Discussion Notes for Honouring the Gods in the Ancient Mediterranean (Remote version 2021-22)





  • Overview of course outline and get to know one another
  • Discussion:
    • What do people mean by “religion” today?
    • What problems are involved in defining ancient “religion”?
      • Difficulties in defining “religion” within Religious Studies itself
      • What do you associate with the concept of “religion”? What comes to your mind when the term is used? etc.
      • Some differences in emphasis between modern Western and ancient “religion”
        • Monotheism as standard (in the West) vs. polytheism as standard
        • Focus on belief vs. focus on practice
        • Individualistic vs. communal
      • Did the Greeks and Romans have a word for “religion”?
        • Latin pietas; Greek eusebeia – not equivalents for our term “religion”
        • The honour-system and the place of the gods within it (ancient concept of “honouring the gods” as the closest we’ll get to “religion”)
        • What was involved in honouring the gods? What mindsets / worldviews are reflected in the practices associated with honouring the gods? To be continued throughout the course.
    • How do we approach the study of religion and cultural life generally in an academic context? (e.g. what are the characteristics of the academic study of religion / Religious Studies)
    • What problems do scholars have in approaching social and cultural life in the ancient world?
      • Nature of the sources
      • Cultural divide and the problem of ethnocentrism



Honouring the Gods – The Case of Asia Minor

1. Discussion of our scholarly sources: Nongbri and Rives on “religion” in the Greco-Roman world

  • Nongbri: What ancient terms are often mistranslated with the English term “religion”?  What implications does this have for the categories we employ as scholars or historians?  What baggage comes along with the English word “religion”
  • Rives on “approaches to the divine” (discussion):
    • What is the “tripartite theology”?  What is the starting point of Rives’ sketch of the approaches? What are the characteristics or features of each approach? How does each approach relate to the others?
    • 1) Cult; 2) Myth; 3) Art (aded; 4) Philosophy (issue of morality and a way of life)


2. Why “honouring the gods”?

    • Social system of honours and benefactions (favours) as key in the Greco-Roman world (at least in the Eastern part of the empire) – Exchange as the key concept
    • Hierarchically defined system with gods at the top
    • Appropriate cultic honours or gifts for gods and goddesses:
      • Centrality of sacrifice: Offerings of animals, foods, drink.
        • Communal meals integral (presence of the god in some cases)
      • Prayers and accompanying votive offerings (vows)
      • Singing (sung prayer) and dancing
      • Festivals and celebrations
      • Performing: Re-enacting the stories of the gods
      • Specific rites and mysteries
    • Social Settings for Honouring the Gods
      • Official: Civic cults (e.g. theatres, gymnasia); Provincial cults; Cults at the centre (Rome)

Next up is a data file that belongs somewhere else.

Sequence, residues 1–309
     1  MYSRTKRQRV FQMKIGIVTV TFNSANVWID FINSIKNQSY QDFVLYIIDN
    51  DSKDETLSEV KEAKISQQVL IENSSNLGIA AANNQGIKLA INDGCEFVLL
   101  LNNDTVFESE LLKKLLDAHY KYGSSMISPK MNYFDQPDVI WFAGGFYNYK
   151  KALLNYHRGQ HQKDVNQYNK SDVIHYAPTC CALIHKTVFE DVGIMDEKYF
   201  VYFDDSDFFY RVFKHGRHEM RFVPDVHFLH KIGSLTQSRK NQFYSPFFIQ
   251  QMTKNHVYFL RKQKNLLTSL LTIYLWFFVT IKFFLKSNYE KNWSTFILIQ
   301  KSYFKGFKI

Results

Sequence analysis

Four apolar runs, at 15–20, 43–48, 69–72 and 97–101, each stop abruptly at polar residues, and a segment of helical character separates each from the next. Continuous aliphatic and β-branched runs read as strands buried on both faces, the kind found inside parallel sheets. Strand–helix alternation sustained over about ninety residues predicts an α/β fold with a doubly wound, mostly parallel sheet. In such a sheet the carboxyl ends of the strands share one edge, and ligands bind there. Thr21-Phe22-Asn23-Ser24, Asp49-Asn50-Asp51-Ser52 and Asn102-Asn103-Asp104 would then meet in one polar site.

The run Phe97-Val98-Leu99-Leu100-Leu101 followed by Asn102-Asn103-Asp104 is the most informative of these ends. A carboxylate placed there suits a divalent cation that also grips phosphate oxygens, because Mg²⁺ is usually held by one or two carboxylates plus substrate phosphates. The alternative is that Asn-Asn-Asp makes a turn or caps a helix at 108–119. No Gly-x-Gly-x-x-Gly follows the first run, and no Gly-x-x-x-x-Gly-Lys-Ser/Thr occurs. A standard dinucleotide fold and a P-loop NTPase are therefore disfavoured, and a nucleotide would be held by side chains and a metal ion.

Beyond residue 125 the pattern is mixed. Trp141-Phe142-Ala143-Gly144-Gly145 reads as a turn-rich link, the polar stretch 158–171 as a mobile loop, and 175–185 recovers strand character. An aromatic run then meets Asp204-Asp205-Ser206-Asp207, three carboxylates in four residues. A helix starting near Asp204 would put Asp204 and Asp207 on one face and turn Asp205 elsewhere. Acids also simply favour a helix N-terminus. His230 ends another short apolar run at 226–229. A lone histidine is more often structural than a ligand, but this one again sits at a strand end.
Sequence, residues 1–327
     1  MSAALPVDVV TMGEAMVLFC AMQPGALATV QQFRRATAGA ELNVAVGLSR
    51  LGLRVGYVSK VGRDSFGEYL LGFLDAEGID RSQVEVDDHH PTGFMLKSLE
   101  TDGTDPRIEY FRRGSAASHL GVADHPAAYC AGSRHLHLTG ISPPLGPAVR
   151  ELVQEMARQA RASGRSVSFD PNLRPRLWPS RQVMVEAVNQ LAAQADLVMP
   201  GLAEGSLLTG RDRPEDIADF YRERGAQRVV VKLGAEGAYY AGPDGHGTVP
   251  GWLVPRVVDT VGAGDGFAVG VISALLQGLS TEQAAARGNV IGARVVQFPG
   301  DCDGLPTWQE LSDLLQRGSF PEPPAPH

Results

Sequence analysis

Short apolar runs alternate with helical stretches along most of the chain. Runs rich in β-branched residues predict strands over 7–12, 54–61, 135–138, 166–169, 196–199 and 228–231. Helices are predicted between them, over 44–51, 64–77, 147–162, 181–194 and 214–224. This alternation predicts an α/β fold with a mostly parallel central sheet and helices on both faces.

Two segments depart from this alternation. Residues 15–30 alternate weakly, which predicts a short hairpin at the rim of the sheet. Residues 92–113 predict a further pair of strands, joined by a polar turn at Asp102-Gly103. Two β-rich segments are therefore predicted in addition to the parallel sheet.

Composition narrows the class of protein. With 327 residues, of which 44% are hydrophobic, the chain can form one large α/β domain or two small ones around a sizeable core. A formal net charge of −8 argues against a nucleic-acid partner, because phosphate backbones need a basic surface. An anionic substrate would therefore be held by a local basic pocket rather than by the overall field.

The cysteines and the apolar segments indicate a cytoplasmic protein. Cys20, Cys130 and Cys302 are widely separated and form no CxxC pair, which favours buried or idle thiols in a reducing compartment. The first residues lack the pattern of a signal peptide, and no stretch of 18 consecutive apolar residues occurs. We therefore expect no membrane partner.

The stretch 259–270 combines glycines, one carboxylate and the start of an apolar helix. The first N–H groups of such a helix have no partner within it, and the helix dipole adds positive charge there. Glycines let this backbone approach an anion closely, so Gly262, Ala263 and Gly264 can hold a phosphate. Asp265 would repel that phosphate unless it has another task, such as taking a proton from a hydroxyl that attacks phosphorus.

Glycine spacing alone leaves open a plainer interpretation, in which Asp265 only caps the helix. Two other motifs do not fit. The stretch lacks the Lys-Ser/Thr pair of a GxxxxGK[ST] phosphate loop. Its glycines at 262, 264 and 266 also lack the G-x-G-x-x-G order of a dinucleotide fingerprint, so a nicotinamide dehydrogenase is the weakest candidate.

• Unofficial: Family/household; Workplace; Local shrines/temples; Guilds and associations
  • Characteristics of Greco-Roman ancestral customs and honours for the gods (and contrasts with modern understandings of “religion”)
    • 1. Polytheistic and non-exclusive (many gods, but also many Artemises, Zeuses, etc)
    • 2. Communally focussed (not individualistic)
    • 3. Embedded in everyday life (social, political, economic, religious)
    • 4. Overall common worldview and practice:
      • Key concepts: 1. honour / shame; 2. piety (eusebeia); 3. salvation (soteria — safety, security); 4. Cult – Honours for the gods, protection for humans
    • 5. Diversity from region to region and within each region — ethnic groups and ancestral traditions

3. Photographic tour of cultural life in Roman Asia Minor (if time)

Civic Cults – Case Study of Artemis of Ephesos

1. Artemis Ephesia’s city in the Roman province of Asia

  • Geographical bearings: Asia Minor and its regions
  • Ephesos: Historical highlights from 133 BCE on
    • Economic centre (sea and two main land routes)
    • Roman provincial centre under Augustus and building programs
    • Provincial imperial cult under Domitian
  • Overview of the layout of Ephesos in the imperial period (plans here and here)

2. Civic community and Artemis Ephesia

  • Civic cults in Roman Asia
  • Artemis: Typical or atypical?
    • Limited nature of our evidence even for Ephesos
  • (A) Relations between a polis (Ephesos) and its patron deity (Artemis)
    • Discussion of IEph 24 [“Holy days…” reading] and Acts 19 (background on silversmiths at Ephesos)reliations between
    • Attachment and diffusion of the cult of Artemis Ephesia (see pp. 6-7 of “Holy days”; e.g. Xenophon and Strabo)
  • (B) Images, attributes, and perceptions of Artemis Ephesia
    • Discussion of the statues and the Ephesian Artemis’ appearance (photos you saw on my blog; link to LiDonnici article)
  • (C) Artemis’ Temple, her functionaries, and her cult
    • Last three temples: 1) Earlier temple destroyed; 2) ca. 500s-356 BCE (built by Croesus, destroyed by fire, according to Plutarch); 3) 300s BCE-262 CE (destroyed by Goths)
      • Lack of archeological evidence: Literary descriptions of the last temple, especially Pliny the Elder, Natural History 36.21
      • Wonder of the world
    • Interconnected purposes of the temple: cult, asylum, and economics (bank; Dio Chrysostom)
    • Cultic leaders and functionaries in the temple